White to rose to crimson this cow tongue’s muscle, fat, cartilage, and bone draws our attention more as anatomy than food, but food it is . . . simmer for hours, smoke for hours, roast, sautée, stew. Why paint such a raw scene? Gustave Caillebotte’s Calf’s Head and Ox Tongue (1882) exemplifies an everyday reality of meat markets, fruit stands, men stripping a floor, men and women bathing or standing at a window, walking in a street as in his painting Paris Street, Rainy Day (1877).
Parisians promenade down avenues looking for chocolate and tea, wax museums, fricasseed spinach and crushed fried croutons, bordellos, bookstores, glass doors leading into casinos, markets where they’ll buy a cow tongue and plop it in a pot with onions, carrots, leeks, thyme, white vinegar and chicken stock for hours, peel the tongue, while drinking much wine, then onto slicing. Time to move from 19th century Paris to 21st century Houston and my cow tongue.
Just purchased at Fiesta, colors shine similar to Gustave Caillebotte’s cow tongue. The darkish-grey papillae clearly seen along the edge, deep furrows in the muscle, cross-hatched fat and flesh, offer a solidity in the world. The tongue has been cut into two pieces–one the long foot of the muscle, the other a more marbled root. I can see Caillebotte’s interest in this tentacle of taste.
Time to submerge both pieces in a brine. I’m using Fergus Henderson’s recipe which calls for sugar (he doesn’t use brown, but I am), sea salt, juniper berries, cloves, peppercorns, bay leaves, and, of course, water. Brine is murky, a bog where salt upends muscle fibers, which leads to the muscle absorbing more water, allowing for aromatics to swim in and tastefully recreate the tongue. Here it will swim for seven days. From emptiness to light and darkness, morning and evening; to water removed from water, land emerging from water, plants that sprout from rocks, seeds and fruits spreading across earth; then a large wheel in blue and smaller wheels in black, wings and fins fill sky and sea, followed by where the wild things are; then those of us who walk with our minds between waters, scissoring our legs across land, eating seeds, fruit, birds, creeping things–we become two, reflections of the creator. Time to remove the tongue-fish from their marsh.
Washing off the brine, it’s back into water, a water again filled with aromatics, but less of a swamp and more of a pond surrounded and infused by parsley, sage, rosemary and thyme, by onion, garlic, carrots and leeks. Below, the sea tongue-fish have turned freshwater. Cooking is all about transformation, about how an x (be it plant or animal) turns into Salade Alice or Moussaka, how thick tissue in a cow’s mouth becomes a delicacy on a plate. This alchemy bubbles through fire and water. Yes, time is a flat circle, and boiling pots have been with us a long time as Harold McGee writes,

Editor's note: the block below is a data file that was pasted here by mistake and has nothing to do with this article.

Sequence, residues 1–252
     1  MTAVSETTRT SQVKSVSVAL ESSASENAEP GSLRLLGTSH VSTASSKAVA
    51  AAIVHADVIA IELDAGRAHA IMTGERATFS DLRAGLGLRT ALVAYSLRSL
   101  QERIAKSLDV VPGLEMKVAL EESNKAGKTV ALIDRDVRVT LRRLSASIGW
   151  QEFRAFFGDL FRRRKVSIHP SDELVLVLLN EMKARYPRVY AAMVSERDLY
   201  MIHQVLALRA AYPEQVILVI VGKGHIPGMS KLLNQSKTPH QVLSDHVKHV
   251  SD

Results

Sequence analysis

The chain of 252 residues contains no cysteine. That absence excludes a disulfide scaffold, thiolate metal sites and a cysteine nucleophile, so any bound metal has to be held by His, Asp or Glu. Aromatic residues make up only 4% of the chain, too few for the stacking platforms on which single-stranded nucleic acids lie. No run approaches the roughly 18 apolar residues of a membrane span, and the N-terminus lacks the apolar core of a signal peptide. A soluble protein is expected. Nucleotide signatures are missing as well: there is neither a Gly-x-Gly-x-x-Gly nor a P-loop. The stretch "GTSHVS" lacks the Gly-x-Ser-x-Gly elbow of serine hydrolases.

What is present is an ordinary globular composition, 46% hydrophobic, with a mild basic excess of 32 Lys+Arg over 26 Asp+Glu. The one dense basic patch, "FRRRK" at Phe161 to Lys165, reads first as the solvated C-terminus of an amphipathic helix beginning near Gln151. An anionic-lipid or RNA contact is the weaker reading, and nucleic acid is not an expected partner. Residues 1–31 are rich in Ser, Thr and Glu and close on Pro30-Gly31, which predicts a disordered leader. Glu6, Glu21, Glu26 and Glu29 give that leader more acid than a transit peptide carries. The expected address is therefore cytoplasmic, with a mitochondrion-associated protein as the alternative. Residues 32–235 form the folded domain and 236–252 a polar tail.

As a cooking technique, boiling followed roasting and preceded baking. It requires containers that are both waterproof and fireproof, and so probably has to await the development of pottery, around 10,000 years ago. (784)
When Irish Elk and saber-tooth cats disappear from the face of the earth, when cities begin to rise toward the sky, glaciers recede, and beer, gruel and soup appear on tables in Mesopotamia, a tongue begins its change from the mouth of one living animal to the mouth of another living animal. Civilization in a pot. And so, everytime I boil water with something floating inside I reenact what has happened before and will happen after me, a constant action linking cooks across millennia, all only one cook.
Three hours later I hook the tongues out and land them on the counter. All the rich red still in tact, though it’s clear they are not what they once were.
Easy to pull of the skin, easy to feel how the tongue has become more pliable, less resistant to touch, to breaking apart.
I pull apart the with fork and spoon, then heat olive oil in a pan, sauté onion, cabbage, parsley and garlic, add the shredded tongue then apple-cider vinegar, letting all simmer.
I’m going to complement the tongue with Fergus Henderson’s recipe for Green Beans, Shallots, Garlic and Anchovies. First I roast two garlic bulbs.
Then I blanch fresh green beans in salted water, while in another pan I place olive oil, white vinegar, anchovies, garlic, (I’m out of capers), parsley, pepper, and radishes (my own addition). When the beans have steamed, I turn off the fire under the rich mixture and toss all around the greenness.
Gabriela tosses a leafy salad with cucumber slices and we’re ready to eat. Tongue when prepared this way tastes like roast beef in a vinegary slaw, an acidity matched and extended by the umami saltiness of the green beans with anchovies, and finally the Butterhead lettuce and cucumbers cleanses and enlivens the palette to dive back into an age-old ritual of eating nose to tail, earth to sea. Bon Appétit!